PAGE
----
I usually spend the week between Christmas and New Year’s Day cleaning up in the office, putting away the piles of paperwork and magazines that have accumulated throughout the busy fall season.
As I collect tearsheets and clips throughout the year, they all get pitched onto a heaping pile of paper in the closet. I sort the clips, throwing a few extras away so I don’t end up with too much stuff to add to the storage shelves.
Every year when I do this sorting, I wonder…why do I keep all of these? I don’t use them to garner attention for more assignments, I don’t enter contests any longer, and someday my kids will have to decide what to do with all of dad’s crap….they will likely keep a handful and throw the rest away.
I guess it’s just a habit…it’s hard to throw things away with your name on them. I have to admit, the most fun I get from keeping tearsheets is looking through the very oldest ones and noting the changes in lighting technique, lens use and the locations that have evolved over the years.
Above is a random collection of cover shots I pulled from the 2016 pile.
It’s fun to work on shoots where the client turns me loose to document anything that looks good through my viewfinder. Tractor Supply Company does a fine job of allowing me to shoot freely, and they do a great job putting me in position to succeed.
As a result, you can see my work displayed on a set of massive canvas banners in each of their 1,400 stores nationwide, along with images on their annual blue book and throughout their annual report, both of which are shown here. Their new corporate headquarters in Brentwood, Tennessee is also plastered with fine art from our shoots. A great client!
I spoke to a group of 7th and 8th graders in Baltic, SD recently; I was there to talk about our book Blue Stars.
They were a good group, but the funniest part was when I pulled out some slide sheets to show them; most of them had no idea what they were, or even what film looked like!
Oh man, I feel old…
I have a long-standing relationship with South Dakota State University.
I attended FFA events there throughout high school in the 1980s, got my degree there in 1993 and now I have a daughter pursuing a pre-optometry degree there and a son about to embark on his own journey decked out in blue and gold. I even met my wife Jodi in Brookings while we were both students there.
As a result, photographing assignments for SDSU is a natural pairing. I’ve been working on their Admissions Department materials for many years, and have shot countless sporting events, graduations, Hobo Day parades and everything else that promotes this fine school.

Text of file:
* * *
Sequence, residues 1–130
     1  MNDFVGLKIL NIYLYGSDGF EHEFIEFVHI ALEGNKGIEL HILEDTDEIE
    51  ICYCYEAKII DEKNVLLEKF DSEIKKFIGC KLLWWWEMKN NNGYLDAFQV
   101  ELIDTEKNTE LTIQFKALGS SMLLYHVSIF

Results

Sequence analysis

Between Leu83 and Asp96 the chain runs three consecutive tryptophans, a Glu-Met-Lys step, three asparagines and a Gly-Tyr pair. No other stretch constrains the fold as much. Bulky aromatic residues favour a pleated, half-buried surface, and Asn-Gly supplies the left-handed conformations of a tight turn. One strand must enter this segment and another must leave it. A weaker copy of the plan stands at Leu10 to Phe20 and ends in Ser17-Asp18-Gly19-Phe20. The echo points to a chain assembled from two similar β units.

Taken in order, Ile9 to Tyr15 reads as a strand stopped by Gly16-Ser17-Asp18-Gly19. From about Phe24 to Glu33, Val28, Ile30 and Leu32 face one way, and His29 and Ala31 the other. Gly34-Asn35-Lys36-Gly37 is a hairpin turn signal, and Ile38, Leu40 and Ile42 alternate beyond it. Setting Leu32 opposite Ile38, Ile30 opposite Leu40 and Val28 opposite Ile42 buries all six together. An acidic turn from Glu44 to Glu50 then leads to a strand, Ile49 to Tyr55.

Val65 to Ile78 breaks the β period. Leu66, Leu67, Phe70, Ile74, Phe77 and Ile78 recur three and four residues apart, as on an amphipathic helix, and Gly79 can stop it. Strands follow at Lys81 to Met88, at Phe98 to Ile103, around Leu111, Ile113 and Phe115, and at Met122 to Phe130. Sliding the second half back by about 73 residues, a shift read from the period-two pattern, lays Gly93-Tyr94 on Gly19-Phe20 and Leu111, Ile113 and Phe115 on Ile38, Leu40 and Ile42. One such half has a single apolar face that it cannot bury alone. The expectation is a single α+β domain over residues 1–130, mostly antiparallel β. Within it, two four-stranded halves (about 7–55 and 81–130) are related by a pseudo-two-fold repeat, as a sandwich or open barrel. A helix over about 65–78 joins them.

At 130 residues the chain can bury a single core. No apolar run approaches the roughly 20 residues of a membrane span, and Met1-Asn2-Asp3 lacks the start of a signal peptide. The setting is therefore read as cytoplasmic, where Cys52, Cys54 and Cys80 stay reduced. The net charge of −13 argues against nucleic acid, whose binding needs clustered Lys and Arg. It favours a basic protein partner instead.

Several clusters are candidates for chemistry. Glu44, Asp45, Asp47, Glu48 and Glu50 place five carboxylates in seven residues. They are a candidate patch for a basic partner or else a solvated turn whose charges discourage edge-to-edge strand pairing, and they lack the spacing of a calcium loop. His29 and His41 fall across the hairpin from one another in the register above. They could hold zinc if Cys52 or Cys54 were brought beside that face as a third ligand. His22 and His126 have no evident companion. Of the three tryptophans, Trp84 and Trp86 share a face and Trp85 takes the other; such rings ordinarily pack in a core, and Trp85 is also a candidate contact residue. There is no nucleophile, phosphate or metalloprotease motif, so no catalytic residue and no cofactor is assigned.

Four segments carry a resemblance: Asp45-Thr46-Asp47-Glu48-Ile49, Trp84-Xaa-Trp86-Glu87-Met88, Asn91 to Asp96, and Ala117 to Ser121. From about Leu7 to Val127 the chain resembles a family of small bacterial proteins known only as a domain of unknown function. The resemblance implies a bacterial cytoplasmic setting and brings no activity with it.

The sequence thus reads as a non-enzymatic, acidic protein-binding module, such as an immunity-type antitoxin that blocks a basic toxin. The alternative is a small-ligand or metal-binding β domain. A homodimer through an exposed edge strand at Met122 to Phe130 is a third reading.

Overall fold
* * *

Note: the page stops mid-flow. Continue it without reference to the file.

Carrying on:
An environmental portrait (right) of incoming SDSU President Barry Dunn, photographed for his induction ceremony program.
I always love working with the fine folks at South Dakota Magazine; they do an awesome job and have been great promotors of my work for years.
They recently published a cover story about our cabin’s first year; it’s a photo essay of my personal photos documenting our adventures on Lake Poinsett. We’ve been getting lots of great feedback about it, especially from others around the lake who like the exposure given to our great lake.
The opening spread above shows our kids and some of their friends enjoying one of the incredible sunsets we constantly get to view from our place.
More sunset scenery, plus wildlife (both inside and outside the cabin)…
This is the cover photo used inside, plus a shot of Jack and his buddy Kellen exploring the shoreline.
Last but not least, a Fourth of July shot of nearby fireworks and Old Glory. Thanks again, South Dakota Magazine!
Drovers has been a fun publication to work with; it’s a great outlet for some of my ranch stock photography. I love to shoot anything having to do with the range, and getting it utilized as cover stock comes with great satisfaction.
Well, I finally got a photo in Outdoor Life, one of my longtime favorite magazines.
It wasn’t exactly how I’d planned it…I was hoping to follow some elk hunters on horseback into some remote Colorado wilderness and document their weeklong hunt.
Instead, I have a photo in one of the magazine’s advertisements. That’s my friend Mark Smither and his dog photographed on a shoot for Kubota, via Paulsen.
I’ve had several of these Kubota ads in both Outdoor Life and Field and Stream, so I guess this will have to suffice until the call for that elk hunt comes in…
Doug Hansen is an interesting character. He’s from my hometown of Letcher, South Dakota, and makes wagons and stagecoaches for clients around the world. He makes them by hand, the “old way,” and employs a crew of craftsmen that he’s taught in the same old ways his grandfather taught him when he was a boy.
I’ve worked with Doug many times over the years; sometimes people hire me to cover his shop for a story, and sometimes Doug hires me to come out and do some work on his behalf. Recently, I drove over to create some craftsmen photos for him, mostly made with warm, soft light, and used in their annual calendar.
Recently, one of Doug’s stagecoaches played a major role in the movie Hateful Eight. Very cool!
Here, Quentin works with steel in the blacksmith shop.
Wheelwright Tim works on making wheel hubs from scratch.
Antique tools and pencil-drawn sketches are the norm around the shop.
A portrait of Doug toward the end of the shoot.
I was honored to photograph an assignment for Smithsonian Magazine recently; I’ve been a big fan of the magazine for years, and it was fun to finally get a byline in there. The portrait is of scientist Gabriel Senay, who is working with satellite data at nearby EROS Data Center to combat hunger in third world countries.